After years of deliberations and negotiations, the Bellevue City Council approved a final area of city impact map and ordinance on Monday night, a step that paves the way for annexation of about 227 acres of ranch land currently between Bellevue and Hailey.
The ACI will now go to Blaine County for expected final approval as soon as next month.
“When we started these negotiations Hailey and Bellevue couldn’t have been farther apart,” said Community Development Director Diane Shay at a City Council meeting Monday. “We have come a long way. Bellevue would now be able to grow and annex land without the threat of litigation.”
ACI maps and ordinances are mechanisms that cities can use to have more input on adjacent county development than is otherwise provided under the county development process. They are also used to designate areas for possible annexation into the city.
The new map seemed unlikely as little as six years ago, when the Eccles family requested that the portion of its Flying Hat Ranch on the east side of Highway 75 be brought into Bellevue for commercial and residential development. The city of Hailey—as well as a significant portion of Bellevue citizens—pushed back strongly six years ago against what was deemed potentially inappropriate growth between the two towns.
The annexation request triggered a rewrite of the city’s comprehensive plan and the departure of several city leaders from office during an autumn election. Times have changed and all elected leaders now favor the new growth through annexation.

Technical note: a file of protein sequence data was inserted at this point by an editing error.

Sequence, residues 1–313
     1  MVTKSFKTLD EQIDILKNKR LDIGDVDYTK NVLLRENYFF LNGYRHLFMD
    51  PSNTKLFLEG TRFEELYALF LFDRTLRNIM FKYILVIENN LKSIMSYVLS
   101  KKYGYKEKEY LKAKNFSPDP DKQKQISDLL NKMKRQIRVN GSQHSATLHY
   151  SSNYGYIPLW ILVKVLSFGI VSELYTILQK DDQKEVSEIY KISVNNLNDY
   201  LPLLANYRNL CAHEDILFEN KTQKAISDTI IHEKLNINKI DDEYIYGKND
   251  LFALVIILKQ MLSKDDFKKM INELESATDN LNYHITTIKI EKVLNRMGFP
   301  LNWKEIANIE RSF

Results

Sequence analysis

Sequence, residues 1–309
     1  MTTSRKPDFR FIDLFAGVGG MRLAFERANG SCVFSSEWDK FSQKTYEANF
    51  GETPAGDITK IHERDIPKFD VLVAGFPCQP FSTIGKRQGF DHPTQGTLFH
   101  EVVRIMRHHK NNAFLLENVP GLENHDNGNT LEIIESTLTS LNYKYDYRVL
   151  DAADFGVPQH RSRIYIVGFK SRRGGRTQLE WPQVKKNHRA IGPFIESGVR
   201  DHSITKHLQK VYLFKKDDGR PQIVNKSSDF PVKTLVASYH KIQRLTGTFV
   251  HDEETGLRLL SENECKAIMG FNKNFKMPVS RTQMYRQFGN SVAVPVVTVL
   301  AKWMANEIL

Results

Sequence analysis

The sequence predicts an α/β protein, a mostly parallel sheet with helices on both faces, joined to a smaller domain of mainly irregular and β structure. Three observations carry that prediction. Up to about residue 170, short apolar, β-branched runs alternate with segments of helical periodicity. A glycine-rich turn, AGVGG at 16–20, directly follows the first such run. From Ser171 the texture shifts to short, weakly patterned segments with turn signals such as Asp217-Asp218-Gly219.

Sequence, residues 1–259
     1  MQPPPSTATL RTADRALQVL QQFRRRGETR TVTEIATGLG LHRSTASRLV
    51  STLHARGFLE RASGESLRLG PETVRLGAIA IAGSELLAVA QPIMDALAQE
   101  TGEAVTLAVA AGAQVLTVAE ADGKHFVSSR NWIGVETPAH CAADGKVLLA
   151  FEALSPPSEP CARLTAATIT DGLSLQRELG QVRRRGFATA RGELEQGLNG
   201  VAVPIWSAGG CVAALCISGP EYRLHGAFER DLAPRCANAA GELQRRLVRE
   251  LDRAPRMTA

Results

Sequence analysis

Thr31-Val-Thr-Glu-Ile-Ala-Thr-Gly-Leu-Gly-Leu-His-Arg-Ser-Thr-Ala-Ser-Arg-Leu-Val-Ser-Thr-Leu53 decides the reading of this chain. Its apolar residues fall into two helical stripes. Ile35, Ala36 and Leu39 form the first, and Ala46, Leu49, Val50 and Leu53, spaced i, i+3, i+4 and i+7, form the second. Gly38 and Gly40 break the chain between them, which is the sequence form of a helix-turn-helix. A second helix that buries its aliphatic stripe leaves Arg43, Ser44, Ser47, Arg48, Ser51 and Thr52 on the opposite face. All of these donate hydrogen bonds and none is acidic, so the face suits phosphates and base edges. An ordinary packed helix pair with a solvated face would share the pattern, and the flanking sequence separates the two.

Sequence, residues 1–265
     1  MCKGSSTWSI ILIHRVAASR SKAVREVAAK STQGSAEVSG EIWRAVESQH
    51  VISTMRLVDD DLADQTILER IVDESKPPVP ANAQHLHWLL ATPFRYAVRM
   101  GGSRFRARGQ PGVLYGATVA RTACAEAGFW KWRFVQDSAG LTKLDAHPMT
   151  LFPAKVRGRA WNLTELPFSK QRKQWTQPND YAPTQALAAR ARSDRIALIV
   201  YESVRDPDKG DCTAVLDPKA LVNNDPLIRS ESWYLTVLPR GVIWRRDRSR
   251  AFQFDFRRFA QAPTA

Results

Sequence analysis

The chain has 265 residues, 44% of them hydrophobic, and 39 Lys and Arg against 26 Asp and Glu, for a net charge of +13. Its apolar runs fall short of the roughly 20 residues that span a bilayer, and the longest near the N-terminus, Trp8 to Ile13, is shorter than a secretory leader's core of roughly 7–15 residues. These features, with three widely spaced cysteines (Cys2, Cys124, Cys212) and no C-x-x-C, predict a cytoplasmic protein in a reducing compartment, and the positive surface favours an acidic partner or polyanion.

With momentum on its side, Bellevue sought in November to add three more parcels of private land on the west side of state Highway 75 into its ACI in the hope of gaining more influence over management of Friedman Memorial Airport.
The Blaine County board of commissioners pushed back, and instead recommended a memorandum of understanding, or MOU, between the county and Bellevue on potential development of those parcels, which include 38.5 acres adjacent to the city limits near Chantrelle subdivision, including 35 acres on the west side of state Highway 75 belonging to the Eccles family.
The MOU lays out areas that would trigger a “heightened notification and comment period” by the city if they were to be developed in the county.
Bellevue Mayor Ned Burns said he was “very happy” with nearly all of the provisions in the ACI and is ready to move forward.
“This is very nearly 100 percent of what we wanted,” Burns said.
Blaine County Commissioner Dick Fosbury, who attended the City Council meeting virtually on Monday, said the county “would be open” to discussing adding those additional parcels to the ACI in the future, after Bellevue and the county have worked out new zoning regulations for the area with regard to the airport.
Only City Councilwoman Tammy Davis voted against approving the ACI prior to the completion of annexation negotiations with the Eccles family. City Councilman Doug Brown voted for the ACI begrudgingly, apparently unhappy with the county’s exclusion of the west side parcels, which he described as “airport overreach” that could restrict the development of housing.
City Councilman Chris Johnson said the ACI negotiations have shown that Bellevue should have a seat on the Friedman Memorial Airport board of directors.
Eccles family attorney Evan Robertson also objected to the MOU, saying there are issues regarding how the land would be “zoned in certain ways.” Robertson said he would raise his objections with county representatives next month.
Meanwhile, the city of Hailey has also finalized an ACI of its own. The county will review the two documents together on Feb. 23.